15 Travel Bloggers Reveal the 21 Things They Wish They Had Known Before Traveling to India
India is one of the most fascinating, colourful and mind blowing destinations there is! Whilst, nothing can really prepare you for the assault on all your senses that is Incredible India, you can make your first time traveling in this amazing country that bit easier and learn from the tips, misadventures and hindsight from 15 bloggers who reveal what they wish they had known before traveling to India!
Tips for first timers: Things I wish I’d known before traveling to India
Learn to adapt to the craziness! The more you resist it, the harder it will be (learned from 10 years of living there!) – Karilyn Owen from www.nobackhome.com
Travel slowly. I found India to be wonderfully unpredictable. The seemingly straightforward (booking a hostel, taking the train, ordering a meal) was often very complicated in tourist areas. Go with a sense of humor or you’ll be constantly frustrated. If you want to give yourself the best chance to love India? Travel slowly, get out of the major cities, and really get to know a place rather than rushing from one city to the next. “You know what I.N.D.I.A. stands for, right? I’ll never do it again.” I heard the joke over and over again. It sure felt true after two months there, but you know what? I miss it like crazy! – Taylor Record www.oncewereyoungtravel.com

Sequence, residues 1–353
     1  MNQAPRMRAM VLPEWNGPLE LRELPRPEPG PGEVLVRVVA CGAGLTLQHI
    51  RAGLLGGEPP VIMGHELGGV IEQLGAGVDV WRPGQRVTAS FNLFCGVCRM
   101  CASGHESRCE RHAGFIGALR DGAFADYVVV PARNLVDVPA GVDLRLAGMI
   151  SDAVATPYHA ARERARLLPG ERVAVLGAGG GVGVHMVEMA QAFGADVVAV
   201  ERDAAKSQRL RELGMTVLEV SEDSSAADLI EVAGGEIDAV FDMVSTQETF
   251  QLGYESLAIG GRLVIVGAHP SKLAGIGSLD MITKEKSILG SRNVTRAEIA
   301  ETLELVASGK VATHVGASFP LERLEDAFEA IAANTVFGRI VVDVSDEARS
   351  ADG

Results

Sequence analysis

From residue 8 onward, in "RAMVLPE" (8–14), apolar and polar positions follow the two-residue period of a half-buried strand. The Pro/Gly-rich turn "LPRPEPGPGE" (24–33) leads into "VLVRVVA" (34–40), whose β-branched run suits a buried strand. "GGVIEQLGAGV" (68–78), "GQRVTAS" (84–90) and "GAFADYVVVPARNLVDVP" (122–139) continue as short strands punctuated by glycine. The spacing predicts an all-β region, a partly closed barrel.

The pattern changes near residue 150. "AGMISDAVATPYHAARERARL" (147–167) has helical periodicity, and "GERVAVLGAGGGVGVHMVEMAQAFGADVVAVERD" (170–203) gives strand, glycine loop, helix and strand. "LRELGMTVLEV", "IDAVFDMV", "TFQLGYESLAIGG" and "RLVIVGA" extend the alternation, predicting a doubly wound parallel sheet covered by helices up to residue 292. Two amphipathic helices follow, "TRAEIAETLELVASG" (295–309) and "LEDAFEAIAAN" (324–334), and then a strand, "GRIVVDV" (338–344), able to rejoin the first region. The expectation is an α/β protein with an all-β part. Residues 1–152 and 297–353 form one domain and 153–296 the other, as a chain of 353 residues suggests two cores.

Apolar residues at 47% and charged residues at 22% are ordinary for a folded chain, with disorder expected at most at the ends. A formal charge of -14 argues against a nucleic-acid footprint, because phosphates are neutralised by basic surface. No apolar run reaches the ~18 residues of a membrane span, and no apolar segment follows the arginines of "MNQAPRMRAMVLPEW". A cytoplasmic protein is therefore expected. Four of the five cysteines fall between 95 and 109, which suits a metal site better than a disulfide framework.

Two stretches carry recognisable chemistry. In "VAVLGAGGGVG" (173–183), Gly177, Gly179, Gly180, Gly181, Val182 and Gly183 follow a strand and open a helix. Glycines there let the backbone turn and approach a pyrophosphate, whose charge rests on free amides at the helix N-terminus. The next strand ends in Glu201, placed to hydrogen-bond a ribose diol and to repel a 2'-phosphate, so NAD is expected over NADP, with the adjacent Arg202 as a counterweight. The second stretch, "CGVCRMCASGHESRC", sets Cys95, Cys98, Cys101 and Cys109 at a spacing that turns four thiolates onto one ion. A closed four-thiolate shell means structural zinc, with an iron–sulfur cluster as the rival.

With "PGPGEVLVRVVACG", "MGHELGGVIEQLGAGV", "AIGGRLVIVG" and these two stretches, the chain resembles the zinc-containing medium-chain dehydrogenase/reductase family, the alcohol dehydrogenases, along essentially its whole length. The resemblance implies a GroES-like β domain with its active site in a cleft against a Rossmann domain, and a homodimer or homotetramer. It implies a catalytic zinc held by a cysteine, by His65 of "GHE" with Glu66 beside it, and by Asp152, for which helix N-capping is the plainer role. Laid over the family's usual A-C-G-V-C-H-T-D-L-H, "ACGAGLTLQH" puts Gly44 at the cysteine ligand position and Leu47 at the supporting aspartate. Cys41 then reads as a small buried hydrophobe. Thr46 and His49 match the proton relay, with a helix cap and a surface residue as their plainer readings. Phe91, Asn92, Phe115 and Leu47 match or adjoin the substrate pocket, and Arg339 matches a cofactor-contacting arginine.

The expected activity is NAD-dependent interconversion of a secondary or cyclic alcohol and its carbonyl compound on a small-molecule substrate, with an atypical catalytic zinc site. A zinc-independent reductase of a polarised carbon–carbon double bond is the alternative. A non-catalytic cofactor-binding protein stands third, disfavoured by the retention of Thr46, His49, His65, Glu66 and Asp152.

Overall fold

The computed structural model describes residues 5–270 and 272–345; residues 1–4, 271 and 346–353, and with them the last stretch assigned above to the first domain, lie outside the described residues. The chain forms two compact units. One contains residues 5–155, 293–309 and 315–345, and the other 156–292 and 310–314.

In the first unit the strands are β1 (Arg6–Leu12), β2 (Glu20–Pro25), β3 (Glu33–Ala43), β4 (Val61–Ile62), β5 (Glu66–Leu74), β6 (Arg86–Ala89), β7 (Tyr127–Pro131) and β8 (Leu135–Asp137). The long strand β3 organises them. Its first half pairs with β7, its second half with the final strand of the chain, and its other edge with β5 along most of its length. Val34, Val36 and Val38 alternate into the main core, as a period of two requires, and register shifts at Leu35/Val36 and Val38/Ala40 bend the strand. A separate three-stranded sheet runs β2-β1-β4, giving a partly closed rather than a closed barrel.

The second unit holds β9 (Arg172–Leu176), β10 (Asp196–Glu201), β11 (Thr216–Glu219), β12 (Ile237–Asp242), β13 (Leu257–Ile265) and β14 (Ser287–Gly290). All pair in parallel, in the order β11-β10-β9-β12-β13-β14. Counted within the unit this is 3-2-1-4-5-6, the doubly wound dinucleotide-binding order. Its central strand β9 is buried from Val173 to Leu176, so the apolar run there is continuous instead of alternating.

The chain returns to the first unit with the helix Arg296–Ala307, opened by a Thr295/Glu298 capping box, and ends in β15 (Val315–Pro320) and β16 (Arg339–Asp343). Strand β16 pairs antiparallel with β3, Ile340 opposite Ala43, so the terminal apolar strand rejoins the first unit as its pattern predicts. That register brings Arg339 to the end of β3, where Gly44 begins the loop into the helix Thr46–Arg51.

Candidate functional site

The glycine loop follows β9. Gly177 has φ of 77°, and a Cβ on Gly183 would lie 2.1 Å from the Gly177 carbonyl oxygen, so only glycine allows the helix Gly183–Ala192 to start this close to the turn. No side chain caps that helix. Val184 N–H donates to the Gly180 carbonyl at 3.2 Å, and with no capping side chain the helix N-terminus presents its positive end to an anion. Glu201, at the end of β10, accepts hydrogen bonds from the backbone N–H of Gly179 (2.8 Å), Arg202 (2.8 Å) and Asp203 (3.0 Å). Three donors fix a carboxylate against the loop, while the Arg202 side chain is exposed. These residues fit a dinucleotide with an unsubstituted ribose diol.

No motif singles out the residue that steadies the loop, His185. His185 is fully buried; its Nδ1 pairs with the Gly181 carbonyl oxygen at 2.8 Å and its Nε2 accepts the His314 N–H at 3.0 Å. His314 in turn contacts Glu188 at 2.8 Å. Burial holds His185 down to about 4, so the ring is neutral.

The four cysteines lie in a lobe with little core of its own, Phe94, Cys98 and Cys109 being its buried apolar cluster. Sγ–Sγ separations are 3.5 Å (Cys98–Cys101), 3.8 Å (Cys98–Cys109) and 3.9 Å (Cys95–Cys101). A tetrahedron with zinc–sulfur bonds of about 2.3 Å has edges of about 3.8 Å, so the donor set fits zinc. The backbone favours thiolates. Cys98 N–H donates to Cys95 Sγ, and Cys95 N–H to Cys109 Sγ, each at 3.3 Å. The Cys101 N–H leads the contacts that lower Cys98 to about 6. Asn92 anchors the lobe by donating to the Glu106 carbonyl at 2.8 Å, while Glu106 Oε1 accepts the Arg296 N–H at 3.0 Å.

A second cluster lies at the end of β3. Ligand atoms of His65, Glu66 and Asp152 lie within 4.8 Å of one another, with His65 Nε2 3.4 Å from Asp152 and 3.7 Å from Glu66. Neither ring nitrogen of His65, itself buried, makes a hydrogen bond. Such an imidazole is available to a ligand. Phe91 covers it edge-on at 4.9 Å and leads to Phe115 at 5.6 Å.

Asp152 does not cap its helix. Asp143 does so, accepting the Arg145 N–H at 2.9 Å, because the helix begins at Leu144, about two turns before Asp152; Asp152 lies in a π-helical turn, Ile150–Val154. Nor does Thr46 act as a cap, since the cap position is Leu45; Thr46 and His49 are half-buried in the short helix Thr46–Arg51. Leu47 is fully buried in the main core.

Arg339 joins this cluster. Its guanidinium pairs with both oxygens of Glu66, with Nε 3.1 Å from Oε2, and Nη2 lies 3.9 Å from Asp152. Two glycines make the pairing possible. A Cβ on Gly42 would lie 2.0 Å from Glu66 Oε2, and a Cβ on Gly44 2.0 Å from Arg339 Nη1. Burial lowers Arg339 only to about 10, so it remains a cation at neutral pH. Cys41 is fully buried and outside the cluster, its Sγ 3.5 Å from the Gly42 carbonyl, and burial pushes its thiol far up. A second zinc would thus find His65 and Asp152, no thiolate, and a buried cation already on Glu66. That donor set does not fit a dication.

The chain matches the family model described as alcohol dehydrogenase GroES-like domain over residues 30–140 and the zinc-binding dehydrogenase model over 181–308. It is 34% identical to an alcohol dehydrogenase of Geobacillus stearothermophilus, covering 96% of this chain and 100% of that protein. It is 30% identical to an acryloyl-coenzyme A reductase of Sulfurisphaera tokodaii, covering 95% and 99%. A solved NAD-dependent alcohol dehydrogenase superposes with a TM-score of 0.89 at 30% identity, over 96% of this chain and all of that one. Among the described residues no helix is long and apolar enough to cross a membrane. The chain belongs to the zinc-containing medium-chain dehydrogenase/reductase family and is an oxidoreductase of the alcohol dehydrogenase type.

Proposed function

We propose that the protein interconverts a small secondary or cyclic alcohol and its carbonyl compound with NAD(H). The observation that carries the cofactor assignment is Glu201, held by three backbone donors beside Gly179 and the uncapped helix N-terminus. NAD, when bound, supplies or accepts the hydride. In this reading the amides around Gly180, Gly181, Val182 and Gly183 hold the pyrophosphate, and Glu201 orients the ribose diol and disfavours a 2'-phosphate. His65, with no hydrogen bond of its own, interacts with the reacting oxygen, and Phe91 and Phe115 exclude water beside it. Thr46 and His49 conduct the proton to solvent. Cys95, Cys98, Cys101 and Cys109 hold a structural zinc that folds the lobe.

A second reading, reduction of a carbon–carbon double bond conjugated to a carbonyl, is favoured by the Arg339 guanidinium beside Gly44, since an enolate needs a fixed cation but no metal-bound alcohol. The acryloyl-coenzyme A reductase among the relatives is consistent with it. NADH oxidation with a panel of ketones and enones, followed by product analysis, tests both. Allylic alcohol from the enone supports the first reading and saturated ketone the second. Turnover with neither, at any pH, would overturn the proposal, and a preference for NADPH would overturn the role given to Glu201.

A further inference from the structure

Forget the stereotypes. India is both modern and traditional, poor and rich, chaotic and serene. India is so diverse you simply can’t define it with the usual cliches and stereotypes – it is so much more than that! – Anna Phipps www.global-gallivanting.com
Pack light. Traveling in India can be hot work! After a week or two you will probably rethink your wardrobe and buy more loose. lightweight and comfortable clothes. – Mili Ani Left My Heart In
Embrace the diversity. India is a land of many people, many religions, many cultures. India cannot be defined by one culture. When you travel India, absorb everything around you. Notice that, not only is the snake charmer part of Indian culture, but so is the elite business man. India has a high contrast of modern and traditional, take it all in. – Crystal Kushwaha www.myhindiheart.com